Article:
Deep holes punctuate the thick layer of ice spread across the road, and the snow cat’s treads catch on the edges. This is a new development. It hasn’t snowed recently. Highly unusual.

  “You know why Sirmic’s mama named him after a glacier?” Kamik continues. He doesn’t wait for an answer.”Cause he’s cold as one and he came out nearly as big.”

  I spare him a laugh, though I can’t stop thinking about the hollow barn; about the dozens of healthy cattle and hens packed into the space the
last time I was here.

  The center of the town is a jagged grid of slightly nicer buildings. In high season, this place is bustling with fishermen, but with winter, everyone flees for warmth and sunlight. We cross another street and the buildings open up to reveal a blank patch of ice at the center of town. Orange light from the bar spills from crooked windows to fill the opening and lend a façade of warmth.

  We pull right up to the side of the bar. The windows are plastered with condensation. I can just make out a group of three men gathered around a table inside. They look up as the snow cat groans to a stop. Fatigues hang from their chairs. They’re army.

  “What’re they doing here?” I ask.

  “Probably headin’ up to Fort Greenly. Maybe they can help if something goes wrong?”

  I sigh for effect.”They never help. They shoot.” I retrieve my bag from the floor and shoulder the door open.

  “I’m going to refuel,” says Kamik.”Might be by after that. A little ale doesn’t sound so bad.”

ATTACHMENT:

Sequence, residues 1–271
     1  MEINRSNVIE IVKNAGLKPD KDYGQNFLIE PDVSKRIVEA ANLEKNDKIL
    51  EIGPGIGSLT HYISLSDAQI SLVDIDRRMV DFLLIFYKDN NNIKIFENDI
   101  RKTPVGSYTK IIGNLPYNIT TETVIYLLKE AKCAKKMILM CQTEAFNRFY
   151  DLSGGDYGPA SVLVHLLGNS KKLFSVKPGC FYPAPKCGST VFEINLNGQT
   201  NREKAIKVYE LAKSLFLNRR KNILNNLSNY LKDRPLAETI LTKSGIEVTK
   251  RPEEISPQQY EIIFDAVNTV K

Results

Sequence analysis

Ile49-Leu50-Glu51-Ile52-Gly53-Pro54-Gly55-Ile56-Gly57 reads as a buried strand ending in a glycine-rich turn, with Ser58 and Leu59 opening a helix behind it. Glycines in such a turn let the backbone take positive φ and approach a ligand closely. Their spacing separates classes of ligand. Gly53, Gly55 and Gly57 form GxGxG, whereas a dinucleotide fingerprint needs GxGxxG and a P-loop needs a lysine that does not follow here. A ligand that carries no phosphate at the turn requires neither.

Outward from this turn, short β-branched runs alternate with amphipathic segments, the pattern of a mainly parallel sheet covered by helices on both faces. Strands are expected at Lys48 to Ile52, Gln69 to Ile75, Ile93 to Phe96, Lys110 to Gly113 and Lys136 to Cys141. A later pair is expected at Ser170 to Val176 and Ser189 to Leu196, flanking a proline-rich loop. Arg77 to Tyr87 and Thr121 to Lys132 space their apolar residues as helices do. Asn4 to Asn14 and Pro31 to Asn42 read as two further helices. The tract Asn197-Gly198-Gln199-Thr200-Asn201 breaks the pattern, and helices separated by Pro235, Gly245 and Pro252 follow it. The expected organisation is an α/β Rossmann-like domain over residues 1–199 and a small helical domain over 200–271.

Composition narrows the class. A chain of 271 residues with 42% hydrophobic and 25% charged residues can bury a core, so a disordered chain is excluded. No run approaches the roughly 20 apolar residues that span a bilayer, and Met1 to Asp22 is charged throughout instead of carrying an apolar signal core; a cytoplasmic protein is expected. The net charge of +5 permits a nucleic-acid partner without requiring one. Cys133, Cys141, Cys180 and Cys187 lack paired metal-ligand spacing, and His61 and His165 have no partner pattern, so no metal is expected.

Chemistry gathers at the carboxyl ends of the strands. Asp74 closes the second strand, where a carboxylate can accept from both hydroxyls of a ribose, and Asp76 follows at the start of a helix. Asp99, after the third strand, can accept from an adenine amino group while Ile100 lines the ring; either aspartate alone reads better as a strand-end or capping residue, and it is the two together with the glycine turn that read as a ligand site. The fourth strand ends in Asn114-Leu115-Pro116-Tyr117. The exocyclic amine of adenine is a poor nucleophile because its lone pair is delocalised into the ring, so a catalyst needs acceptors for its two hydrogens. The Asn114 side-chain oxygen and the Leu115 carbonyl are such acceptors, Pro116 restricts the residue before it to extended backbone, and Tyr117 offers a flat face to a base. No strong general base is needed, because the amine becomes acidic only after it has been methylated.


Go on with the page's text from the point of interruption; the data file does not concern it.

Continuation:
I nod and thank him then slam the door shut. The engine roars as he pulls away. The smallest of the men at the table, a blond-haired, blue-eyed kid, stares at me through the window.

  I sling my bag over my shoulder and walk around to the front of the bar. The wind is back. I flip my hood up and tighten the drawstring till I can barely see the mass of barren ice that marks the center of town. On the other side, the houses are tightly packed. A few tiny alleyways slither between the walls. The aurora shifts behind it all. It’s the only thing that moves. Mother Nature’s false beacon.

  My boots crunch like thunder on the ice as I walk past the door and trudge through a snow drift to the back of the building. There’s a back door situated in the far corner.

  I return to the front. Muffled voices seep through the walls. I pull off my gloves, tuck them in an inner pocket, and twist the handle. Heat radiates from the bar to embrace me, but there’s something else. The instant I’m inside, I feel the skrimsli’s energy, dark and vast like a stain on my consciousness. It permeates everything with its nauseating stench. This is worse than I expected. It kept its distance before, but it’s learned not to fear these people. It’s closer. And stronger.

  “Told you!” yells the blond kid at the table by the window. He’s talking about me. The other two, obviously older, take huge gulps from their mugs. Three rifles lean haphazardly against the wall behind them.

  An open fire crackles in an enormous stone fireplace cut into the far wall, throwing enough heat to make the whole room cozy. Sirmic stands behind the bar, holding a colossal mug to his lips. A burly man, still wearing his coat, hunches over the bar, absorbed by his drink. It takes me a second to notice a girl sitting in the stool at the far right end of the bar. It’s Allie. She glares at me through dark eyes that dart away just before contact.

  I plop down in the stool beside the burly man and set my bag in the empty seat next to me. I can feel the army men staring.

  “Sirmic.” I hold my hand out.